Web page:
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Actionable Roleplaying Tips: Engaging Your Companions

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Alright. Ready to sink your teeth into a good roleplaying topic? I think this is one of my favorite ones.

Inter-party discussions is one of the most interesting roleplaying opportunities in the game. In this post, you’ll find a few suggestions on how to instigate such discussions as well as prepare for them.

Before we get started, however, let’s quickly revisit the purpose of this whole series. Here’s a quote from the first post.

How do I take some actionable steps to prepare to roleplay?

Sharing the my answers to that question is the purpose of this four-part post series. I’m not suggesting this is the best course of action for everyone. All I know is that it worked for me. It gave me something actionable. It got me started. I’m having a blast playing these characters. So if that helps you or another reader, the purpose of these posts is fulfilled.

Caught up? Awesome. Here are the past posts if you want to catch up and future posts for a little preview.

So, how do you engage your companions? Questions. It starts with questions. But what questions do you ask?

Who, What, When, Where and How

Starting a conversation when roleplaying starts the same way that it does in real life. You ask questions. Start with questions that reveal the historical background of the companion. Here are a few starters.

  • Where are you from? What was it like there?
  • What did you do before adventuring? How long ago was that? Who trained you?
  • Did you have family there? Other close people? Are they still there?

Getting answers to these questions is great. It gives your character some insight into the factual background of other characters. But does it really help you get to know them? Really know them? Well. No.

Let me give you an example. During my first 12 years out of college, I moved from Lexington KY to Dallas TX to Houston TX to Detroit MI to Boston MA.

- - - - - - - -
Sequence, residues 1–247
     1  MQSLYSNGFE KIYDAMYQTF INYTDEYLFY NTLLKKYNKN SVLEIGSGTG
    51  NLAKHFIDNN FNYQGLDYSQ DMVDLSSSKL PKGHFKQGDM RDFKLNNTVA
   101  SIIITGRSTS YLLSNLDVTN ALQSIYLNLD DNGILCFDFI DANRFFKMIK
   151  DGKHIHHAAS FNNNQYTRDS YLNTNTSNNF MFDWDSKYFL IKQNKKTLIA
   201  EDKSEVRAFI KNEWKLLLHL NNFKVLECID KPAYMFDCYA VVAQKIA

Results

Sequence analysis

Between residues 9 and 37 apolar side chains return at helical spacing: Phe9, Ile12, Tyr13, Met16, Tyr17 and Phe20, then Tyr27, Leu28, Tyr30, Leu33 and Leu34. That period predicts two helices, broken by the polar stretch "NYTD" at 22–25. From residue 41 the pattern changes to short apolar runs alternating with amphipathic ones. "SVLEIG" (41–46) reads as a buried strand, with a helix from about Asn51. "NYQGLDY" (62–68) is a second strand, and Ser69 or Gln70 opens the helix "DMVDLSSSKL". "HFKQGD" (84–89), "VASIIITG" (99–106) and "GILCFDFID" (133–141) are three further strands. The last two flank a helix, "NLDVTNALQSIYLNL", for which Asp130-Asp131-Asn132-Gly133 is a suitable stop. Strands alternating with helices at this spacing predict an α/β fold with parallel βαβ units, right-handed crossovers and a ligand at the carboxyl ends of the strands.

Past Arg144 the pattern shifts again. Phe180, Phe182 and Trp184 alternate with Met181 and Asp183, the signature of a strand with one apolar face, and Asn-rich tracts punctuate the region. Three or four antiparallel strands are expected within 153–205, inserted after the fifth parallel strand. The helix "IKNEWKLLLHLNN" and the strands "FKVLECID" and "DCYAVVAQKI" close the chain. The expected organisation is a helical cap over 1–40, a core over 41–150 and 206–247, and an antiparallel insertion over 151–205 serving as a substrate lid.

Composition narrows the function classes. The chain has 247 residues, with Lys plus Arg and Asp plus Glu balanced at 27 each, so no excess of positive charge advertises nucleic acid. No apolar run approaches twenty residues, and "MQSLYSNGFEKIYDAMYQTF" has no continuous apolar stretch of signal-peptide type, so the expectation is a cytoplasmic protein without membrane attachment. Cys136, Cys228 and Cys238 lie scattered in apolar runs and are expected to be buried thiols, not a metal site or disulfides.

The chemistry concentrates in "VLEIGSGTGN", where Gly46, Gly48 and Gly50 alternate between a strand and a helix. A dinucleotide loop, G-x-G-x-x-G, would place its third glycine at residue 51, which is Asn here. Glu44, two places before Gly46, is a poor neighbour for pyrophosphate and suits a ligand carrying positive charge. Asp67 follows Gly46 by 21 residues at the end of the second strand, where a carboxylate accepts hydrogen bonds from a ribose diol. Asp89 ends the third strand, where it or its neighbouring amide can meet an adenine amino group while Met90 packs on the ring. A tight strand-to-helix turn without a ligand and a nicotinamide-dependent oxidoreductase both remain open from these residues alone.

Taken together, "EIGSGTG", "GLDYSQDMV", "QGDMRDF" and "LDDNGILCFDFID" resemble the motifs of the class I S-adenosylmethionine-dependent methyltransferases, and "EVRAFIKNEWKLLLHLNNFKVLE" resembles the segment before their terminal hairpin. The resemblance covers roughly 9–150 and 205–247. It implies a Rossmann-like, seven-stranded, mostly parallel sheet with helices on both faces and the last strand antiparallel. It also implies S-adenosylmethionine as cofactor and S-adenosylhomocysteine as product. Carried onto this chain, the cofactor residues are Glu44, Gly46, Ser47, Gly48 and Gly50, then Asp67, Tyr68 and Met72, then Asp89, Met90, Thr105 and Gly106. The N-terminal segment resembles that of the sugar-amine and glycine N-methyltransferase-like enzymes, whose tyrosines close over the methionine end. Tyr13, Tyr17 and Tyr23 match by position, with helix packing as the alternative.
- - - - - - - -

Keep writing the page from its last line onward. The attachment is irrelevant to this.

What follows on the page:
You now know something factual about me. But do you really have a glimpse into who I am? How I tick? What motivates me? No. Not really. You just know I moved around a bit.

Having the answers to these questions, however, enables your character to ask better questions. The Why questions.

Follow Up Why Questions

Why did I move from KY?

Well, I lived my whole life in KY, flying for the first time I went to interview for this awesome job in Dallas TX. Single, young and ambitious, I jumped at the opportunity to work for a small technology company. I drove my truck pulling a UHAUL trailer by myself for 16 hours for the move. I promised myself I would not fail in this job, working ridiculous hours, traveling the country and busting my tail while I did it. Looking back, that period of my life taught me I could do a lot. I gained confidence that was the foundation of my entire career. It was difficult, but I wouldn’t trade that experience for anything. Not for anything.

Now, you know something about me.

In a roleplaying game, how do you apply this idea? Just follow up your ‘who, what’, when, where and how’ questions with a ‘why’ question.

  • Why did you leave your home? Don’t you miss it?
  • Why did you leave your training? What happened to your master?
  • Why did you not follow in your father’s footsteps professionally?

This will help you understand more about your character companions. It will reveal some of their core motivations. It will instigate deeper converations.

More Why Questions